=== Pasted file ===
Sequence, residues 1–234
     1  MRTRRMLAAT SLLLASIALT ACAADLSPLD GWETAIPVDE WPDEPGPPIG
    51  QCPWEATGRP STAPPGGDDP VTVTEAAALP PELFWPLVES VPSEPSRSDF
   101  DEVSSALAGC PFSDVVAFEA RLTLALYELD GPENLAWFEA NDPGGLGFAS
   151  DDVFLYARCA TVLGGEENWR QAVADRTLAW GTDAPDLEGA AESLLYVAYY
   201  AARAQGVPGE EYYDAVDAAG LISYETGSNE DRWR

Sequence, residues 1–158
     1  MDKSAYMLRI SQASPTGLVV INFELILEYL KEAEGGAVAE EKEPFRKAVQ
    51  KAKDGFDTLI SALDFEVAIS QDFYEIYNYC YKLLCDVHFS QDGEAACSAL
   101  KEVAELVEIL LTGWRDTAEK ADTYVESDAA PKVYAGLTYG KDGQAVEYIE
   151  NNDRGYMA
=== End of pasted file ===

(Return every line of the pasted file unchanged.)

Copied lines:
Sequence, residues 1–234
     1  MRTRRMLAAT SLLLASIALT ACAADLSPLD GWETAIPVDE WPDEPGPPIG
    51  QCPWEATGRP STAPPGGDDP VTVTEAAALP PELFWPLVES VPSEPSRSDF
   101  DEVSSALAGC PFSDVVAFEA RLTLALYELD GPENLAWFEA NDPGGLGFAS
   151  DDVFLYARCA TVLGGEENWR QAVADRTLAW GTDAPDLEGA AESLLYVAYY
   201  AARAQGVPGE EYYDAVDAAG LISYETGSNE DRWR

Sequence, residues 1–158
     1  MDKSAYMLRI SQASPTGLVV INFELILEYL KEAEGGAVAE EKEPFRKAVQ
    51  KAKDGFDTLI SALDFEVAIS QDFYEIYNYC YKLLCDVHFS QDGEAACSAL
   101  KEVAELVEIL LTGWRDTAEK ADTYVESDAA PKVYAGLTYG KDGQAVEYIE
   151  NNDRGYMA